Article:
The Berean Expositor
Volume 1 - Page 71 of 111
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It will be observed that although there is a marked division 5: 12, yet the succeeding
verses are connected with the earlier theme, the much more, the superabounding grace
and love of God. The question before us as to the cause of the permission of evil, and as
to the federal headship of Adam, receives a partial answer as we consider verse 12. This
verse is not isolated or disconnected from verse 11, but is most definitely linked to it by
the word "therefore" (Greek dia touto=="because of this"). Because of what? The
preceding verses have been emphasizing the great love of God and the reconciliation.
Scripture would have us link the entrance of sin, the passing through of the guilt and
penalty of one man's one sin to the many, with the superabounding love of God, and tells
us that Adam was a type of the coming One (verse 14). Verses 13-17 are parenthetical,
dealing with the difference observable between the act of judgment and the act of grace.
Verse 18 resumes the statement of verse 12, and verse 19 furnishes us with the real
answer to the introductory words "because of this."
"Hence then as through one offence (the sentence was) unto all men unto
condemnation, so also through one righteousness (the decree of grace was) unto all men
unto justification of life. For just as through the disobedience of the one man, the many
were constituted sinners, so also through the obedience of the one, the many shall be
constituted righteous."
There are in these verses some statements which are hard for us to accept who have
been trained in the traditions of men. Supposing we had no theological views, supposing
we received God's word as little children, how should we understand Romans 5:? We
should see first of all that the sin and ruin of Adam and his race were somehow connected
with God's final purpose of reconciliation. We should believe, moreover, that when God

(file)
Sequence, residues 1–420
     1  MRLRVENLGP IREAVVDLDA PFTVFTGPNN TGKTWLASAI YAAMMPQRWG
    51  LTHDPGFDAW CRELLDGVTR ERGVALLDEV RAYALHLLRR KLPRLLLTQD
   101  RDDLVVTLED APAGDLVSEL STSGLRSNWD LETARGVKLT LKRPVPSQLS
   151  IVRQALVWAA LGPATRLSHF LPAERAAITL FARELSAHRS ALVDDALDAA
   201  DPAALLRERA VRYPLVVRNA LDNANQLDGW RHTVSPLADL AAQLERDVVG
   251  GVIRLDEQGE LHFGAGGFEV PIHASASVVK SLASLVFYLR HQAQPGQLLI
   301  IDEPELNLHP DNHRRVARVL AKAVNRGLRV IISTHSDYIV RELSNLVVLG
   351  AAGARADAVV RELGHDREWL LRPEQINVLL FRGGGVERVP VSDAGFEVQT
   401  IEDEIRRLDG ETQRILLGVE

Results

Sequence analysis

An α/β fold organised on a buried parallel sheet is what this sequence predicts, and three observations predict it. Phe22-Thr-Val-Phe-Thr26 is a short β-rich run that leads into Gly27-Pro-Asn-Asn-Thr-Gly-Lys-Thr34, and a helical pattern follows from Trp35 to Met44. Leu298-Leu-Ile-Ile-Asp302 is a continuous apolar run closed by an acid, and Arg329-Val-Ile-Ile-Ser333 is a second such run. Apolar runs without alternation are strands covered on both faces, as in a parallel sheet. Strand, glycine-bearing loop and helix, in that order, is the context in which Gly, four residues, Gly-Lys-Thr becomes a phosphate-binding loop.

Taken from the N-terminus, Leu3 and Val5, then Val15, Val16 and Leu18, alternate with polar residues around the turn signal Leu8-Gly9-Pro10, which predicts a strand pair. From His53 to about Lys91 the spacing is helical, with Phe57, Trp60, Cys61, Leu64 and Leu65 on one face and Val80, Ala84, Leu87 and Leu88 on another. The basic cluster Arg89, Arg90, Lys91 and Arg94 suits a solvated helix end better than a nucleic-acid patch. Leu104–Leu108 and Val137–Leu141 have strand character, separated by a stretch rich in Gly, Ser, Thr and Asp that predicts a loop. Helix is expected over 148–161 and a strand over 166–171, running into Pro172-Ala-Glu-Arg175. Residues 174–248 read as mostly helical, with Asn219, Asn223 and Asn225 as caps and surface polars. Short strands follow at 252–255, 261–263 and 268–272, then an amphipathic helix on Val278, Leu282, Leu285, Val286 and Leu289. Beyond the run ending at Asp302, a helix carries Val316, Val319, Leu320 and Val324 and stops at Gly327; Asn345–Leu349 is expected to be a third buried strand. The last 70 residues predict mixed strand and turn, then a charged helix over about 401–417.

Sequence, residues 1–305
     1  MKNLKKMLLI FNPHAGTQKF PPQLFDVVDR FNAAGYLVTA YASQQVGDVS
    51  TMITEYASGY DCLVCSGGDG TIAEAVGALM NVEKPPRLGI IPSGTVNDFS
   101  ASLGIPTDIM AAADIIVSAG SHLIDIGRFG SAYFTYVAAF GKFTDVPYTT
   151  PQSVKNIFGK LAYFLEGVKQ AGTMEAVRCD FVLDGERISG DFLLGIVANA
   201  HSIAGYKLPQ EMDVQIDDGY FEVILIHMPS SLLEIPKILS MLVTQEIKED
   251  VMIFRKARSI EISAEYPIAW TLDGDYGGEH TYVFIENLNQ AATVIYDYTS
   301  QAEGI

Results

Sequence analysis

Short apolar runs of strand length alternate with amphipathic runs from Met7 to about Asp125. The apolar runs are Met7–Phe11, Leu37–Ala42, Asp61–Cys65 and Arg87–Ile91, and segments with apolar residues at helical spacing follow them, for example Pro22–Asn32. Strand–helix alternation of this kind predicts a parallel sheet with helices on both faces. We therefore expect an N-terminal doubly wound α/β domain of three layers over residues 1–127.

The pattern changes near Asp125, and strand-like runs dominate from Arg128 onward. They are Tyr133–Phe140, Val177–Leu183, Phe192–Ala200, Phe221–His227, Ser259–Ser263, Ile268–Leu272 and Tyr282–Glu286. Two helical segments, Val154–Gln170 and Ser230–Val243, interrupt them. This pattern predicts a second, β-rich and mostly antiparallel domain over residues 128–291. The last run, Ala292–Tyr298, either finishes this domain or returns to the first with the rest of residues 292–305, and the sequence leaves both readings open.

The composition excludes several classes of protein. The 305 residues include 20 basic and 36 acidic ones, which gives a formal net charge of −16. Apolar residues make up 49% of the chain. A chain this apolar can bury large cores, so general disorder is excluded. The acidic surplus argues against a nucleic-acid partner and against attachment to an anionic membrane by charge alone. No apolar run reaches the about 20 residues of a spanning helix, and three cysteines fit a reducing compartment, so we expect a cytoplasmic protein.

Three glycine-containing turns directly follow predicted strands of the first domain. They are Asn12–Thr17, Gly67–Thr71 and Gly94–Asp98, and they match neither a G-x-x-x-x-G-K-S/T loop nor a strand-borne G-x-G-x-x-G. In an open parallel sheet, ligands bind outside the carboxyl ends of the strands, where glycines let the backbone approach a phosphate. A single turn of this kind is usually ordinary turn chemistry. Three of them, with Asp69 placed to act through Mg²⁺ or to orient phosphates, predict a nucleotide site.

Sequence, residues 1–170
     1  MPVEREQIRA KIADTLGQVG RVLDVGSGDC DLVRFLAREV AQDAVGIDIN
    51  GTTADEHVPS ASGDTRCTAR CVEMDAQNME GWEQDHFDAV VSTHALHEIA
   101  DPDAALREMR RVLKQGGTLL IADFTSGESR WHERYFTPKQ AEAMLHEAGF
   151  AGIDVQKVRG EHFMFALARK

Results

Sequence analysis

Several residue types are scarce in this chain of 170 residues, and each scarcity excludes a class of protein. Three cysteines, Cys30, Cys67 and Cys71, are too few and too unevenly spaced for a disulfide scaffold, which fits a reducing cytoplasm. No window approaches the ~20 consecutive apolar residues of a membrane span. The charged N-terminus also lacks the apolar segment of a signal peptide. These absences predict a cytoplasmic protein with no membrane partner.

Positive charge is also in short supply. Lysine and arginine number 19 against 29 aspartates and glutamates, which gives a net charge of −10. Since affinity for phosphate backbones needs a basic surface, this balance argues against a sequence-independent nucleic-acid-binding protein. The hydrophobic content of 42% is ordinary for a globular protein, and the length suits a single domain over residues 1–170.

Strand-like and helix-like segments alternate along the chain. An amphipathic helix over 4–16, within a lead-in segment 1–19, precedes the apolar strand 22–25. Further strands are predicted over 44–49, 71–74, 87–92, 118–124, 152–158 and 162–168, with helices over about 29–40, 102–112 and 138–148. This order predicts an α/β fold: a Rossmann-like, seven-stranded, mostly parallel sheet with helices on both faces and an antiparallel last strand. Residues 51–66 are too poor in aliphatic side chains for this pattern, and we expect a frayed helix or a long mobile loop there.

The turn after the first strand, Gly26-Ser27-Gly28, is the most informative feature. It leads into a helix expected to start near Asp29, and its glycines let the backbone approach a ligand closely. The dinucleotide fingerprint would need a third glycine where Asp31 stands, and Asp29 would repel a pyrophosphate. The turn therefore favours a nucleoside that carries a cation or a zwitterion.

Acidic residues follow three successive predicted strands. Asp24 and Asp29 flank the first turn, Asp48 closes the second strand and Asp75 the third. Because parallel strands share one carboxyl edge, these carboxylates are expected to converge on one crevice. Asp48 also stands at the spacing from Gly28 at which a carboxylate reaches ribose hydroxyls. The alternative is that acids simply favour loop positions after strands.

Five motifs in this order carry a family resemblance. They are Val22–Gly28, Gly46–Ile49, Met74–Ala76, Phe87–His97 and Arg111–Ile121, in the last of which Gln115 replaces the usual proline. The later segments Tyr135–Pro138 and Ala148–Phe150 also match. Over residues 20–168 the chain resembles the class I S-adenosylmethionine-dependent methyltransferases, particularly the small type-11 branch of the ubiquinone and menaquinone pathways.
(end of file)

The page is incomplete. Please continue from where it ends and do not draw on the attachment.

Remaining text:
says "all men" in verse 12, He means "all men" without exception. And further on when
we read in verse 18 "all men," we shall believe the same words in the same verse (linked
as they are by the terms of comparison "as" and "so") to mean the same identically. It
will be seen that in verse 18 "all men" are mentioned, while in verse 19 "the many" are
found instead. Here is a difference, what does it mean?
In verse 18 "all men" are "condemned."
In verse 19 "the many" are "constituted sinners."
In verse 18 "all men" are given "a justification of life."
In verse 19 "the many" are "constituted righteous."
Verse 17 also differs from verse 18, but agrees more with verse 19. "Through the
offence of one, death reigned by the one." It then says that "those who receive the
superabounding grace and the free gift of righteousness shall reign in life by the one,
"Jesus Christ." In verse 18 "all" without exception are meant, and there is nothing said
about "receiving." In verse 19 "the many" are in view, while only those who "receive"
"reign" in verse 17. It does say that "all" in verse 18 "reign in life," but it does say that
they have a "justification of life." The reader should carefully read Ezek.34: and
37: in this connection, particularly noticing the emphasis on the word "graves" in
37: 11-14, and the character of those thus raised (36: 6-12 and 22-38).